Lots of new faces and of course the stalwarts who have been with us since the start. The enthusiasm of the whole team has been fantastic. As always a huge thank you to our finds washers, who carry on, regardless of the massive amount of pottery coming their way. A very warm welcome to Matt B from Britannia and to Andrew Peachy the Roman pottery specialist who helped with dating our bits and pieces. The rest of the rake out pits of kiln one is ready to be excavated tomorrow, with loads more sherds expected. Kiln two is far less ‘messy’ than expected, so we will hopefully see much more of the structure tomorrow. The random ‘bits and pieces’ between the two kilns, are now confirmed to be in a pit rather than ditch…… unless that changes tomorrow!!! Of course there may be a ditch beneath them which is what makes this archaeology thing so much fun. We had lots of people come along today, and it’s not always possible to get everyone doing something. We welcome anyone who comes to see us, but we cannot promise to be able to give each and every one of you a task. There is much to learn by watching what is going on, and by asking the team questions. We are so lucky to have a group of experts willing to share their expertise with you. Thank you to all those donating to the project, it is very kind of you, and without which we cannot continue. Mustard TV spent a couple of hours filming today, so keep a look out for their report, due in the next two or three days. Thank you again to all who are involved with this community project. Peter.

12th August 2016

Well here we are, at the end of our first week of community digging. I cannot have ever believed what we were going to find, or how many people would be with us each day. I was warned many months ago that we would have plenty of people on the first day, and then by the end of the week we might get ten if we were lucky. And you have all proved that they were wrong. I am so pleased that my belief in this dig has been proven right. We have wonderful leaders in Dan and Martin from Britannia. They are so enthusiastic about the whole project, and are able to share that with us. Doctor Davies from the Castle museum was with us today for a couple of hours, and he was so impressed with the whole project. I am indebted to him for his guidance so far. Looking forward to seeing you all next week, Let us all have a great last five days. My thanks as always to all of you and to Martin and Dan who bring the site to life. Brilliant and thank you. Peter.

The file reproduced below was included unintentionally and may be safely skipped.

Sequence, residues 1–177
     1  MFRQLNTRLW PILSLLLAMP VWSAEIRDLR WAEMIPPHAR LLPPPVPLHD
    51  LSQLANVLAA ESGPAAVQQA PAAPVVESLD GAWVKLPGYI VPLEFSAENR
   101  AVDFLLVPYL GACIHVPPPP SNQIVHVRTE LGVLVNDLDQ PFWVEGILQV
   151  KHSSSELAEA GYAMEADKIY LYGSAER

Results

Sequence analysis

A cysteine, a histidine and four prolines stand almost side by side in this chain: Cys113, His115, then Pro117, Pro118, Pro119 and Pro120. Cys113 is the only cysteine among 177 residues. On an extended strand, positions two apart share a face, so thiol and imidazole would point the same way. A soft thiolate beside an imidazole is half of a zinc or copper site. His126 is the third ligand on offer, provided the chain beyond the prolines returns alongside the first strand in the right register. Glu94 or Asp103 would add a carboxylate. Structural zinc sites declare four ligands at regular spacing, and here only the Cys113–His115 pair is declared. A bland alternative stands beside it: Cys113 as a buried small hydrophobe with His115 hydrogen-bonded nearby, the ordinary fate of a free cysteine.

11th August 2016 Day Four. I am now wondering what I have done! Despite the rain this morning, our volunteers turned out in admirable numbers. The dig trench seems to be rendering up more questions than answers. It now seems that kiln one has a lot of building material in it. Roof tiles both flat and curvy, are used in the structure, and today we found mortar in its construction as well. It seems as if a building has been demolished, and part of its structure has been incorporated in the pottery kiln. So are there remains of a building nearby?? Kiln two is still a bit of a mess. It appears to be larger than kiln one, but has been knocked over to one side, so excavation is rather tricky. But it does have an enormous rake out pit, that stretches for about 4 metres, and crosses over the iron age ditch. Random kiln fabric and pottery located between the two kilns are now officially ‘ random kiln fabric and pottery’ !! In other words we don’t know yet, but hopefully we will find out over the next few days. Possibly two waste pits, or a ditch that has been filled with….. yes you guessed it ‘random kiln fabric and pottery’.
In the meantime, totally oblivious of what’s going around her, dear Wendy has been very carefully, grain by grain, removing the infill of our 1000BC iron age pot. Patience in it’s extreme. After what must now be, ten hours, the end is in sight. Wendy you deserve a huge round of applause. Thank you. Anglia TV was on site today, and hopefully you have seen the report. No doubt it will be posted here soon, if you haven’t. Sheila found some lovely dating evidence from kiln one, in the form of charcoal, this will be carbon dated very soon, so we will have an approximate date of the firing of this kiln. So that’s it for day four. I am sure I have forgotten loads of information, but please forgive me, I am a little tired!! Thank you as always to all volunteers and the wonderful Britannia in the form of Dan and Martin. Peter